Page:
- 75th Percentile of ACT/SAT Score: Full Weight (~4.17 Points)
Note: This metric refers to the figure above which 25 percent of students scored.
- Share of Freshmen in Top 10 Percent of High School Graduating Class: Full Weight (~4.17 Points)
Cost & Financing – Total Points: 20
- Net Cost: Triple Weight (~12.00 Points)
- Availability of Employment Services for Students: Full Weight (~4.00 Points)
Note: This binary metric considers the presence or absence of “activities intended to assist students in obtaining part-time employment as a means of defraying part of the cost of their education,” as described by the National Center for Education Statistics, as follows:
- 1 - Yes
- 0 - No
- Student-Loan Debt: Full Weight (~4.00 Points)
Note: This metric measures the average amount of student loans awarded to full-time, first-time undergraduates.
Faculty Resources – Total Points: 10
- Student-Faculty Ratio: Double Weight (~4.21 Points)
- Average Class Size: Full Weight (~2.11 Points)
- Share of Full-time Professors among Total Full-Time Instructional Staff: Half Weight (~1.05 Points)
- Share of Full-Time Faculty: Quarter Weight (~0.53 Points)
- Faculty Staff Salary: Full Weight (~2.11 Points)
Note: This metric was adjusted by the cost-of-living index.
Campus Safety – Total Points: 5
- On-Campus Arrests: Full Weight (~2.50 Points)
Note: This metric was calculated using the following formula: Total On-Campus Arrests / Total Enrollment.
- On-Campus Crime: Full Weight (~2.50 Points)
Note: This metric was calculated using the following formula: Total On-Campus Crimes / Total Enrollment.
Campus Experience – Total Points: 5
- Share of International Students: Double Weight (~1.33 Points)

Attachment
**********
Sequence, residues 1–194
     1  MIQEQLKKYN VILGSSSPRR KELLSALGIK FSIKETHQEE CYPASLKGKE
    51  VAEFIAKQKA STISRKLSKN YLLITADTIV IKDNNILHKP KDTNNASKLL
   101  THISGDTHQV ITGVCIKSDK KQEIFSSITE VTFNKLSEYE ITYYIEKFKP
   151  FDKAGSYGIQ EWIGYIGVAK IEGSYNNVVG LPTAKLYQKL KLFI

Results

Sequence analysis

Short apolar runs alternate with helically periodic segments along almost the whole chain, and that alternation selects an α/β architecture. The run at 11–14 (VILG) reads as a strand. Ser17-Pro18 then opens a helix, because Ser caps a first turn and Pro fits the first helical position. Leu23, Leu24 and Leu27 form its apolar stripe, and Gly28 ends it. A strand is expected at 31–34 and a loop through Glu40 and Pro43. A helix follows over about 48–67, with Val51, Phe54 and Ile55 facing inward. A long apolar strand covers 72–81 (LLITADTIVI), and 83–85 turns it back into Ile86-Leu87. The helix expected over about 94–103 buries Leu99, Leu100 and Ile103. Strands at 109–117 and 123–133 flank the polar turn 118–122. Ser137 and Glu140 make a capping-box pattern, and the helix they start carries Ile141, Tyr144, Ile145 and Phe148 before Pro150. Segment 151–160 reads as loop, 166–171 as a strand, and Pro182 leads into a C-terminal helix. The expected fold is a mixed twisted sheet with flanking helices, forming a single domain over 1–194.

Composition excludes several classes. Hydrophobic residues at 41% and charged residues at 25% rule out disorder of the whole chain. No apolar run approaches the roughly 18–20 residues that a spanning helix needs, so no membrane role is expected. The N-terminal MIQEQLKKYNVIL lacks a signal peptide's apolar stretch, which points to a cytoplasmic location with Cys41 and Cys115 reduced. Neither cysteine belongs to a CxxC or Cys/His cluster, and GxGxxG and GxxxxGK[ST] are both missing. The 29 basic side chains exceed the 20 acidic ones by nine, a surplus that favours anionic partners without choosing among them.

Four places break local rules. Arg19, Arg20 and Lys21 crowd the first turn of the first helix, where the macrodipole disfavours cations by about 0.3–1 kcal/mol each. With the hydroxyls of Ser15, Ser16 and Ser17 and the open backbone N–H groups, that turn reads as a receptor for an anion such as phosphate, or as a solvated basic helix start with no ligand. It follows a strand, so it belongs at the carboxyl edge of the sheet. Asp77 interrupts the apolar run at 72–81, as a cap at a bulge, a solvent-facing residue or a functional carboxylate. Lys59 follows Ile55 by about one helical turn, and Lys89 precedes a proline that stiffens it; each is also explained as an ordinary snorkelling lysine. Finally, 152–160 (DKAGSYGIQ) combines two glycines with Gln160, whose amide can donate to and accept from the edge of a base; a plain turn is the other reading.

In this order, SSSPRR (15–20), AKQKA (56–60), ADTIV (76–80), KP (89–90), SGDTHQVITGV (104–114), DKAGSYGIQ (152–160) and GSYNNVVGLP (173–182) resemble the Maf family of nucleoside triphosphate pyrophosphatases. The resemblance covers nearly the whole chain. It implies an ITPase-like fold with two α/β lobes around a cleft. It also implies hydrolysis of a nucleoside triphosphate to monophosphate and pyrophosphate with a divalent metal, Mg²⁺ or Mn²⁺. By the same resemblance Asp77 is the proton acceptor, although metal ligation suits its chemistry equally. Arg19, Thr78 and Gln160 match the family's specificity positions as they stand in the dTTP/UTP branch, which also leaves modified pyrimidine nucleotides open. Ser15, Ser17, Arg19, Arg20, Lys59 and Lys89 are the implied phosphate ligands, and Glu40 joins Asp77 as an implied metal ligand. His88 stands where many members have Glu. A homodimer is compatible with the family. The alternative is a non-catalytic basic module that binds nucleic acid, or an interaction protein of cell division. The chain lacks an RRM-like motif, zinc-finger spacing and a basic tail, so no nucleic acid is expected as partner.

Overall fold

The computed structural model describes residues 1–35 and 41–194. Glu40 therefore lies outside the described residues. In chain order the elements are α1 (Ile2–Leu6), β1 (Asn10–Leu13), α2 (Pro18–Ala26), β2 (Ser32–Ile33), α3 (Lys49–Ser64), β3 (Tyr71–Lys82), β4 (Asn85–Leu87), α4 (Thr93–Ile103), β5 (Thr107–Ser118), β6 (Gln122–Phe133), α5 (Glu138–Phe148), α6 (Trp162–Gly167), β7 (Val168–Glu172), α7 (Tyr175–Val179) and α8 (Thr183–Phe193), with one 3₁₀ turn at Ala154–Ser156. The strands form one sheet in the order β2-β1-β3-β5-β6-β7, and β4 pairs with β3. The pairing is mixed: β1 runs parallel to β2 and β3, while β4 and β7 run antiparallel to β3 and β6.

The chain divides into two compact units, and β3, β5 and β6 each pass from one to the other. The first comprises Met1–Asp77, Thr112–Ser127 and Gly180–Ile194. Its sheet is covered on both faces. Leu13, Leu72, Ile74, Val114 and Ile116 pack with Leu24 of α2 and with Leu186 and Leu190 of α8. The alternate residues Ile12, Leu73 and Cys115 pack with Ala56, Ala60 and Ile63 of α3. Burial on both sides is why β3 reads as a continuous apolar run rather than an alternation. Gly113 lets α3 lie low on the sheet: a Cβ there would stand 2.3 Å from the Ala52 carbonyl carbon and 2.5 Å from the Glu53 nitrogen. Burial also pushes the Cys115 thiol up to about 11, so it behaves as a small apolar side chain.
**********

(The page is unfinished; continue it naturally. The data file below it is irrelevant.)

- Share of Freshmen Living On-Campus: Full Weight (~0.67 Points)
- NCAA Membership: Full Weight (~0.67 Point)
Note: This binary metric considers whether the university is a member of the National Collegiate Athletic Association, as follows:
- 1: Member of NCAA
- 0: Not a member of NCAA
- Availability of Study-Abroad Program: Full Weight (~0.67 Point)
Note: This binary metric considers the presence or absence of a study-abroad program, an arrangement by which a student completes part of his or her college program studying in another country, as follows:
- 1: Study-abroad program available
- 0: Study-abroad program not available
- Gender & Racial Diversity: Full Weight (~0.67 Point)
Note: This metric is based on the Herfindahl-Hirschman Index method, a commonly accepted measure of market concentration that also works effectively as a general-purpose measure of diversity.
- Average Earnings from On-Campus Employment: Full Weight (~0.67 Points)
- Presence of Placement Services for Graduates: Half Weight (~0.33 Points)
Note: Assistance for students in evaluating their career alternatives and in obtaining full-time employment upon leaving the institution.
- 1 - Yes
- 0 - No
Educational Outcomes – Total Points: 20
- Retention Rate: Double Weight (~8.00 Points)
Note: This metric measures the percentage of the fall full-time cohort from the prior year minus exclusions from the fall full-time cohort that re-enrolled at the institution as full-time in the current year.
- Graduation Rate: Double Weight (~8.00 Points)
- Credentials Awarded per Undergraduate Enrollment: Full Weight (~4.00 Points)
Note: “Credentials” refers to bachelor’s degrees.
Career Outcomes – Total Points: 15
- Return on Educational Investment: Double Weight (~3.33 Points)
Note: This metric measures the ratio of starting salary for graduates to cost of education.
- Share of Graduates Offered Full-Time Employment Within 6 Months: Double Weight (~3.33 Points)
- Post-Attendance Median Salary: Double Weight (~3.33 Points)
Note: This metric measures the median earnings — 10 years after entering the school — of former students who received federal financial aid.
- Share of Former Students Outearning High School Graduates: Full Weight (~1.67 Points)
Note: This metric measures the percentage of former students earning more than $25,000, or about the average earnings of a high school graduate aged 25 to 34, six years after they first enrolled.
- Share of Students Reducing Their Debt: Full Weight (~1.67 Points)
Note: This metric measures the percentage of students who have repaid at least $1 of the principal balance on their federal loans within three years of leaving school.
- Student-Loan Default Rate: Full Weight (~1.67 Points)
Sources: Data used to create this ranking were collected from National Center for Education Statistics, Council for Community and Economic Research, U.S. Department of Education, COLLEGEdata and PayScale.